For the Bundesliga official though – talking to me again this week – the positives massively outweighed the negatives: “Maybe Germany didn’t take advantage as much as was predicted but there were opportunities to pick up second, third or fourth options that Premier League clubs didn’t sign in a more realistic price frame.
“And there are also more loan signings from Premier League clubs who were looking to reduce their squad sizes.”
Fewer signings – but why?
There were 109 signings made by Premier League clubs this summer. That’s the lowest number across the past five seasons and 48 fewer than in 2014.
But is the earlier deadline the reason for less activity? The number of summer signings by Premier League clubs has declined gradually each summer, dropping to 132 in 2016 and 124 in 2017.
It seems clubs have been streamlining their buying regardless of when the window closes.
There was an impact financially, with the £1.2bn spent the lowest for eight years. Figures released by Deloitte say summer spending dropped by £200m from last year’s record of £1.4bn.
But in terms of average cost per signing it had barely any effect, with 2017 and 2018 both coming out at £11m a player.
When it comes to deadline day itself, there were plenty of signings – 26 in all. But the amount spent on deadline day was down by £100m from £210m in 2017.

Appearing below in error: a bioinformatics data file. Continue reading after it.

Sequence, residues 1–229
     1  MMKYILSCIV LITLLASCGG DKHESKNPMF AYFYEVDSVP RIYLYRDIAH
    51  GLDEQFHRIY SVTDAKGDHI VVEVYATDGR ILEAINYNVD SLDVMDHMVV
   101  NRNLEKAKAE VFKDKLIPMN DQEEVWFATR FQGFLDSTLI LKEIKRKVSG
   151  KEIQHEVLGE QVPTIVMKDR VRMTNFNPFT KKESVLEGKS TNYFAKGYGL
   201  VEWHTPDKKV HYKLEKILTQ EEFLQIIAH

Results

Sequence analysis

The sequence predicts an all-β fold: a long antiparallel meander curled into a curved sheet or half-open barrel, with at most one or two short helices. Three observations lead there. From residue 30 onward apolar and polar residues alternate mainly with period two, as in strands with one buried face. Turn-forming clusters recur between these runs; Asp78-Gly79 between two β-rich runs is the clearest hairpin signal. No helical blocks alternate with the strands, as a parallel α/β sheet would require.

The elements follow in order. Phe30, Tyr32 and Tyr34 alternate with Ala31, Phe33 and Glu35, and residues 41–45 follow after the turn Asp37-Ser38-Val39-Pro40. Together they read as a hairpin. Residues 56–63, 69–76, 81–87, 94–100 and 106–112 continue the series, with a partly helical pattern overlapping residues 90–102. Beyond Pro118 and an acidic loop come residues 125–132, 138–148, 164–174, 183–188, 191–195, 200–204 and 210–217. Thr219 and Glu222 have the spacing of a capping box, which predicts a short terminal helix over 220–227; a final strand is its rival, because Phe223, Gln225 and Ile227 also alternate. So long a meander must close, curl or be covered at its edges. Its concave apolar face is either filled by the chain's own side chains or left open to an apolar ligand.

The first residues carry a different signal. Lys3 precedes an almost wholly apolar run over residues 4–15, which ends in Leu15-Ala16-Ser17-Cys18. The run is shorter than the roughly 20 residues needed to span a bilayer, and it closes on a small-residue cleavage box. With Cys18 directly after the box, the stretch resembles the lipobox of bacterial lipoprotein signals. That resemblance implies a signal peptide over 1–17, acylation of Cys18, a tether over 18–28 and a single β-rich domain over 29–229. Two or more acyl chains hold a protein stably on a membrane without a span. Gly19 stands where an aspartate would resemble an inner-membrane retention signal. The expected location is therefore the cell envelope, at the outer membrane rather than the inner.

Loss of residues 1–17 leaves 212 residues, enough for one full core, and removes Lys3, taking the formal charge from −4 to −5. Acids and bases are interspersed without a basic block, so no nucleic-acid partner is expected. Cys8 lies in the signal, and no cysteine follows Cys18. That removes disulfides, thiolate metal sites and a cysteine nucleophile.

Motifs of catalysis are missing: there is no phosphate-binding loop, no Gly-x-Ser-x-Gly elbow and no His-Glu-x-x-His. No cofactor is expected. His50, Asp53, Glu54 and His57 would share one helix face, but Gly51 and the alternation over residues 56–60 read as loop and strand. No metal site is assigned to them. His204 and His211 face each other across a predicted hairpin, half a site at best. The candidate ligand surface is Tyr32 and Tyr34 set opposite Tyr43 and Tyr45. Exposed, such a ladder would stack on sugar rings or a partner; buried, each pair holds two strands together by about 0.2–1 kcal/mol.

BBC Sport’s chief football writer Phil McNulty
This year’s transfer deadline day – the first with the earlier cut-off date – was something of an anti-climax compared with the dramas of previous years.
So is transfer deadline day losing its lustre? Is the novelty wearing off?
There may be a much simpler reason, certainly where Premier League clubs are concerned.
It may just be that clubs have no wish to leave those big, headline-making swoops to the last moment any more, even with a World Cup that finished in mid-July delivering an added complication.
Spurs chairman Daniel Levy has won a reputation as a master of the late, late move but this time not only did he decline to move on deadline day – he did not sign a single player in the transfer window.
So maybe clubs are simply being more pragmatic and practical, doing business earlier to avoid being held to ransom or beaten by the clock.
Do Premier League clubs want to stick with the early deadline?
Last September, 14 of the 20 Premier League clubs voted to bring in the earlier deadline.
Some clubs believe it is a restriction of trade, but it seems there is not enough support to get the two-thirds majority required to reverse the decision.
BBC Sport’s Simon Stone
Unless there is a significant shift in the final hours of Friday’s deadline day, the Premier League as a collective can give themselves a pat on the back for their unilateral decision to shift their own deadline to before the domestic campaign began.
All managers felt that was the best idea.
The reservation was that Europe’s major clubs would have a free run at any talent that did become available after the Premier League began or, worse, could lose players themselves without having the opportunity to sign a replacement.
We will never know whether Real Madrid would have gone for Eden Hazard if Chelsea could have bought someone else, or if Manchester United would have let Paul Pogba join Barcelona.
However, having taken a fairly brave leap of faith, the landing has been as smooth as it possibly could be.
And if, as has been suggested, Europe’s other superpowers, specifically Spain, go for an earlier deadline too, the English game has reason to be very pleased with itself.